Because the popular store, Walgreens, just announced that it was changing its bathrooms to become 'gender-neutral' meaning, customers can now use the bathroom which matches their gender identity, not their biological sex.
Passing this policy is not a decision that is happily supported by the Conservative/Christian community. Many will argue that allowing customers to use bathrooms based on the gender they identify as is dangerous because it allows biological men and women access to each other's personal space in a way that should be frowned upon.
In other words, men who believe they are women can use the stall right next to your little girl now—and vice-versa. But is that the only danger?
I don't think so.
The reason transgender policies should not be passed is because they are policies that force the public to surrender their sense of freedom based on someone else's feelings. Because some individual feels like a man, I am supposed to call them a man, treat them as I would a man, and allow them to use a bathroom for men whether I am comfortable with that or not. And if I am uncomfortable with it then I am publicly ridiculed, criticized, and shamed for what I feel.
It is dangerous and irresponsible to pass policies or laws based on feelings. Feelings are fleeting and everchanging—gender being the topic and perfect example! In 2014, Facebook released 58 different genders for users to choose for their profile. If the LGBTQ community continues to influence nationwide policies, we will soon be forced to accommodate 58 different genders—56 of which I was unfamiliar with until sitting down to write this article—all based on the feelings and perceptions of a select community. We are not being inclusive of them, we are being forced to adjust and adapt to their lifestyle despite our own feelings and perceptions.
Because these policies are becoming more and more common, we will no longer be able to say 'no' when considering the wants and desires of other communities. Let's look at the 'Otherkin' community for example. Someone who is part of this group would describe themselves as an individual who does not identify as fully human. Some may feel like they're a dog or a dragon or a warrior space angel. How should we accommodate their bathroom preferences? Or any preferences in life for that matter?
If I woke up tomorrow and suddenly realized that the strong itching I had inside was in fact a deep and innate feeling that I now identify as a genderqueer omnisexual otherkin dwarven-wolf, which bathroom should I use and what exactly am I supposed to demand of Walgreens if they cannot meet my needs? And shame on them for not being so considerate and inclusive of the genderqueer omnisexual otherkin rights in the first place!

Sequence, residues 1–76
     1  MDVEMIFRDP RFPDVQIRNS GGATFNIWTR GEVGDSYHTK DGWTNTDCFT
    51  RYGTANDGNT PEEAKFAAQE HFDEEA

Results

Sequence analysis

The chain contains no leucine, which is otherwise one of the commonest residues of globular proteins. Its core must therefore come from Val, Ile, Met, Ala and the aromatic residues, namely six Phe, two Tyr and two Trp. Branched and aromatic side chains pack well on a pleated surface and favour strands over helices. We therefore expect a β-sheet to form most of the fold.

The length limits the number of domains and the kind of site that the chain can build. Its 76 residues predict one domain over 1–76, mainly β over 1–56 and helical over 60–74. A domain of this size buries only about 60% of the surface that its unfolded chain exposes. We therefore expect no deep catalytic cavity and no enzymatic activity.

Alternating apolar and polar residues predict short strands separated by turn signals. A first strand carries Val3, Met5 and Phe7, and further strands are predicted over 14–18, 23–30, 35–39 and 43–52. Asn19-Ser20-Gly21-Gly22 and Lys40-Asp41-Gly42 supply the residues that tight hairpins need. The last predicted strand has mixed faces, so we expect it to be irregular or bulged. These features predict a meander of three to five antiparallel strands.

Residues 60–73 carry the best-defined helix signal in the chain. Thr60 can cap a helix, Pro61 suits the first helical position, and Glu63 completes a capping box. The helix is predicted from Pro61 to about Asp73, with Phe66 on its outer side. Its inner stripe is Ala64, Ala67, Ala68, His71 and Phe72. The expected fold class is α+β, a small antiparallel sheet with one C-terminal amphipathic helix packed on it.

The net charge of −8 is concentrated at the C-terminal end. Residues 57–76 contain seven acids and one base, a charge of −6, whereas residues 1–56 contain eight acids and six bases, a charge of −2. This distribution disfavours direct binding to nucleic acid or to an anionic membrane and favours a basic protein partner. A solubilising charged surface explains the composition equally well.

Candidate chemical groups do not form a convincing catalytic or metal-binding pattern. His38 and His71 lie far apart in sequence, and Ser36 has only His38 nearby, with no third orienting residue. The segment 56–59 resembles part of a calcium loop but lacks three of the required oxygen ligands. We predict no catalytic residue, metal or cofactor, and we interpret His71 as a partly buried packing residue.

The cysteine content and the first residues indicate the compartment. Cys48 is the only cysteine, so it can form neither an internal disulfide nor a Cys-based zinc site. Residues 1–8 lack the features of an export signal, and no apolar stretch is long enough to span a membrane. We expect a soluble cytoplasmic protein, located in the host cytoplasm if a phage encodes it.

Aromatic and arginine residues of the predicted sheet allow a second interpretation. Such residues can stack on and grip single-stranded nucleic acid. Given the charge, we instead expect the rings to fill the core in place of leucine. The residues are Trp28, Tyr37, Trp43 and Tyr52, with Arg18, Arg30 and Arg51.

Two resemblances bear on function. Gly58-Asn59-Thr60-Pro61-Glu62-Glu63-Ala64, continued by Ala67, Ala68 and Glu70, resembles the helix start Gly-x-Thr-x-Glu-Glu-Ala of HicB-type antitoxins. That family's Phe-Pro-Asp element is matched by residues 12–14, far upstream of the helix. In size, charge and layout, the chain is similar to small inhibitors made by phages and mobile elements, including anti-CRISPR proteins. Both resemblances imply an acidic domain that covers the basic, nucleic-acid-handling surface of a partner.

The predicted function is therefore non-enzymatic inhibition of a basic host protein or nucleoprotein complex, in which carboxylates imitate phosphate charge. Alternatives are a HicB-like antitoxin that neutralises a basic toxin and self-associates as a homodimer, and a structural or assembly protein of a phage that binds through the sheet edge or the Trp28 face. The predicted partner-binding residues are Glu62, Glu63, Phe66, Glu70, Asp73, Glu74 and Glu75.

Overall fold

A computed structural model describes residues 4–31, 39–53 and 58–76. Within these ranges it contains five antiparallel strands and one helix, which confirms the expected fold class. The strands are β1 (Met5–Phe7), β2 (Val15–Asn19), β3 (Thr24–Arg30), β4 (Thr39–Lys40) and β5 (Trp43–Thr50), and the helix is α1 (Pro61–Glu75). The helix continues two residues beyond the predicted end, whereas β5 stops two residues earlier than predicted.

The reason why the LGBTQ and the Conservative Christian community continue to butt heads is because we see things from opposing and unchanging perspectives. For those who are LGBTQ allies, this Walgreens decision is a win and a step forward in 2018 free-thinking America. But for those who are like me, this is a huge mistake. As a Bible-Believing Christian, I believe that homosexuality and any act in support of the LGBTQ community is a sin against God. The Bible clearly states that men are to marry women; any other form of marriage is sinful. If you are born as a man or a woman, you should live as man or a woman—no matter how you feel. Changing the sex that was given to you by God is an act of pride, in saying that you are not satisfied with what God gave you and that you think you can live a more prosperous life beyond God's Will based on a creation of your own [Matthew 19:4-6].
While I cannot change the Walgreens policy, that doesn't mean I can't give them a suggestion. Since the goal seems to be to please everyone, why doesn't Walgreens—and every other place with public restrooms—open multiple lavatories? Walgreens could install a traditional restroom, a forward-thinking gender-neutral restroom, and an otherkin restroom. Because, if you are going to be inclusive, then it should work for everyone. That way, Walgreens doesn't have to suffer the same fate as Target in 2015 when they boldly claimed to support transgender restrooms and suffered a loss in sales that year as uncomfortable customers took their bladders and their money elsewhere.
Please keep in mind that this isn't just a matter of men walking into the women's bathroom, it's a matter of making objective guidelines based on subjective and everchanging matters. Step back and consider the legal implications of inclusiveness. If gender has been reduced to whatever we perceive of ourselves, that leaves all other forms of identity up for grabs. Our race, ethnicity, humanity, age, etc. When and where do we draw the line? What standard are we, as a society of differing minds and beliefs, going to use when determining truths and facts? But, most importantly, which bathroom will you—as a Christian—be using now?
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